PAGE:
I enjoyed it quite a bit, but it became apparent that even in this “legit” gig, I was a rock and roller at heart. For one thing, I set the timps up “backwards”, with the higher-pitched drums to my left, moving clockwise as the pitches descended. Apparently standard style is to set them up like a piano keyboard, with the pitches rising from left to right. But because I’m a right-handed drum set player, I was used to turning to my right to find lower tones, so it made sense to me to reverse that. (I’m told that apparently German timpanists also set them up as I do, but I can’t prove that.)
But the big thing… well, it wasn’t intentional. Like a lot of drummers, I can be fidgety. (Indeed, that’s probably why that fourth grade band director was right. Give the studious kids horns. Give the hyperactive wood shop dropouts sticks.) If I have a pair of sticks in my hands, I’ll twirl them. I don’t think about it — it’s just something I do to keep my hands busy. And admittedly, doing the rock and roll thing, a certain degree of showmanship was and is expected. I’ve never reached the levels of someone like Steve “The Mad Drummer” Moore or Ken Mary, but when you’re on stage, well, you’re on stage. It becomes second nature.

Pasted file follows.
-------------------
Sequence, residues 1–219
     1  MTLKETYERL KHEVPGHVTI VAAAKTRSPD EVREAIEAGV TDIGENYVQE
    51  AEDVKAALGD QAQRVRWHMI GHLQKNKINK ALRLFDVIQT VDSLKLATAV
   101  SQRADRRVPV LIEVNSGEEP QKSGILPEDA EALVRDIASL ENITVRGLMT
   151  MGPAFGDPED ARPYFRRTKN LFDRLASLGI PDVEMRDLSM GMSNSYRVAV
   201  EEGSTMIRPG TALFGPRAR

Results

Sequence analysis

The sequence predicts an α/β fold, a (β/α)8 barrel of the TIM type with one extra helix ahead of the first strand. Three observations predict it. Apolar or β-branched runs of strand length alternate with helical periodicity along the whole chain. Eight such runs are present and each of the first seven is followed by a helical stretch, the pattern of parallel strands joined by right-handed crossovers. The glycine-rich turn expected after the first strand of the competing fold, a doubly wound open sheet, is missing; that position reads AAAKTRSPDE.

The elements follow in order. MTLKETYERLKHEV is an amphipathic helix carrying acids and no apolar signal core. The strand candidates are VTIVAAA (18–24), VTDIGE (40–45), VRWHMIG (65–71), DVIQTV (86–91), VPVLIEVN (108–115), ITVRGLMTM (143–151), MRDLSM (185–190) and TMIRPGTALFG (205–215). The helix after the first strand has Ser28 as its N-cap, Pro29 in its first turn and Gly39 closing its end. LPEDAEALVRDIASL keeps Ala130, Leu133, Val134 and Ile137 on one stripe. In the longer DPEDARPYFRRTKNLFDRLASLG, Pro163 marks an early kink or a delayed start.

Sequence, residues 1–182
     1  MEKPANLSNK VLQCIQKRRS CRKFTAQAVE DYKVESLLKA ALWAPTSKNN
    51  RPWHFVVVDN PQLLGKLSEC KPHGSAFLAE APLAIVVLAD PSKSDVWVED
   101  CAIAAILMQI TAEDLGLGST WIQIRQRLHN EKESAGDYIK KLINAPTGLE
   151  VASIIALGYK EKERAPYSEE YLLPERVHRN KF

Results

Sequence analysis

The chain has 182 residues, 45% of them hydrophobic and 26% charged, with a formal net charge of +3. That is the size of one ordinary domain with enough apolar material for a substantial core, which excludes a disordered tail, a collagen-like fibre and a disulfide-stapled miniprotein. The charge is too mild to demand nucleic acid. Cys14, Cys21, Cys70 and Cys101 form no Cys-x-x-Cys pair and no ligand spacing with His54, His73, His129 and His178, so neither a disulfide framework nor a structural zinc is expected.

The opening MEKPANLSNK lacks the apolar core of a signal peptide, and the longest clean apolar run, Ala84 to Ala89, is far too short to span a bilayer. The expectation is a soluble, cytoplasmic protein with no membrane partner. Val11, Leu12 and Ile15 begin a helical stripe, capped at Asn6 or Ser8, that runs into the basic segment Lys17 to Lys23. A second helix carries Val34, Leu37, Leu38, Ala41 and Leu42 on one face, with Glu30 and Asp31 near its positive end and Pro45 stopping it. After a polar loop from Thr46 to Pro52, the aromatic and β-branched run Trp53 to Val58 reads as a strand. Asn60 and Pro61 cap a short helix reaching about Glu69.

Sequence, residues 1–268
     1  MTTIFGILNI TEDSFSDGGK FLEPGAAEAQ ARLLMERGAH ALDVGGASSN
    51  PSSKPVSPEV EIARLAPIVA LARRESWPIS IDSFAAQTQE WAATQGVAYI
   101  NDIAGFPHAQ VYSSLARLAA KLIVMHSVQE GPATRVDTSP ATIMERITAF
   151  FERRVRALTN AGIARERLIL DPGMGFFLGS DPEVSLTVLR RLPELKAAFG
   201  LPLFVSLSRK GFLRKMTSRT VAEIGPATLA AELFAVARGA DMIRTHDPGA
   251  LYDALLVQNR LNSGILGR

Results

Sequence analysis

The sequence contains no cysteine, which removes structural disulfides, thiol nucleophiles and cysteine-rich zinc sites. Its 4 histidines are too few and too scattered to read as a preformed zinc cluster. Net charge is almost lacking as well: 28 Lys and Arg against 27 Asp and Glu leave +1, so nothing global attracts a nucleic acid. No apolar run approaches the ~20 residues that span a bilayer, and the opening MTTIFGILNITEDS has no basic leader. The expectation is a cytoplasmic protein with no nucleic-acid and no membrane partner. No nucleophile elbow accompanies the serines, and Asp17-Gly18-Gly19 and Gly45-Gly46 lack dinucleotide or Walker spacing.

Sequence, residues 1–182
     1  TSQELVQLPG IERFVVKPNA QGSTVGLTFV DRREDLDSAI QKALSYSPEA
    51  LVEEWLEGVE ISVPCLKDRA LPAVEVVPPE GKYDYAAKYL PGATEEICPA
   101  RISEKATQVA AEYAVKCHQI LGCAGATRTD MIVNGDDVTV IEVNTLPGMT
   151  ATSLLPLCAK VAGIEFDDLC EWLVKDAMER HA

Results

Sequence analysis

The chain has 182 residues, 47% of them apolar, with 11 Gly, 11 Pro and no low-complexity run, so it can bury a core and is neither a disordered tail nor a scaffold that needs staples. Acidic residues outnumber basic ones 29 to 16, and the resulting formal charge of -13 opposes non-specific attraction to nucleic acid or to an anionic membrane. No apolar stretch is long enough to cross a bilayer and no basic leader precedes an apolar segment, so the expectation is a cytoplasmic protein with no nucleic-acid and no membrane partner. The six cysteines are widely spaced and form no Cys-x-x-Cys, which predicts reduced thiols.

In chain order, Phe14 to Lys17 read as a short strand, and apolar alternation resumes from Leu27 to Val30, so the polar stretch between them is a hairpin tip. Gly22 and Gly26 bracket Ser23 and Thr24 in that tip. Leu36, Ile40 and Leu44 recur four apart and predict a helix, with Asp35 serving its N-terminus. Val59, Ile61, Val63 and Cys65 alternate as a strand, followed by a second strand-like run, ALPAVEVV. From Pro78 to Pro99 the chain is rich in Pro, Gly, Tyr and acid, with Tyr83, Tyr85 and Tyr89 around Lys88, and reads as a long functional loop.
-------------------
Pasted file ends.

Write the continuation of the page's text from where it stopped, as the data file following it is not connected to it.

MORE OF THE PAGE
So fast forward to the Fall Concert on Parents’ Weekend at Transy. I had to rent a tux for the gig — or more to the point, my folks had to rent one for me, which strained our family’s already tight budget. I’m guessing they ate a lot of beans and cornbread that month. But they did get to see me wear it.
And that’s a shame because it doesn’t really matter how well or poorly I’m dressed — I’m gonna be scruffy looking. My hair was maybe just past collar length, managing to radiate uncoolness to conservatives and metalheads alike. My demeanor was (and likely remains) similarly dorky — slouchy (because I’m tall) and awkward (because I’m well, awkward.) Meanwhile, we’re in the college’s auditorium to do our thing. As my dad said later, “This was clearly meant to be just too too.”
We open with the abovementioned Susato. I play my roll, come to the rest… and twirl my mallets. Honestly — I wasn’t thinking about it, but I had come to an upstroke, the momentum from the rebound already had the head of the stick moving — it would have felt odd in my hands not to do it. And I guess I did it at a couple of other points in the pieces we played. Not a lot — as I said, it wasn’t something I was doing deliberately — but well, enough.
I don’t know if the director regretted making that offer to me afterward, but he was cool about it, which was nice. And later, when we did a concert with some of the players from the Lexington Symphony, I introduced myself to one of the percussionists, and he said, “Right — you’re the one who twirls.”
I do know that my folks enjoyed it. Dad said they had sort of dreaded the whole business, fearing it would be either drearily stuffy or stuffily dreary. “It needed a little rock and roll,” he said. My friend William was in the ensemble as well, and his dad spoke to me after the show as well. “It would have been a bargain at twice the price,” he said. Of course, it was a free concert.
But what led me to recall all this on this particular evening was a piece that ran in The Hard Times, a sort of punk and metal version of The Onion. Read the article, and you’ll understand.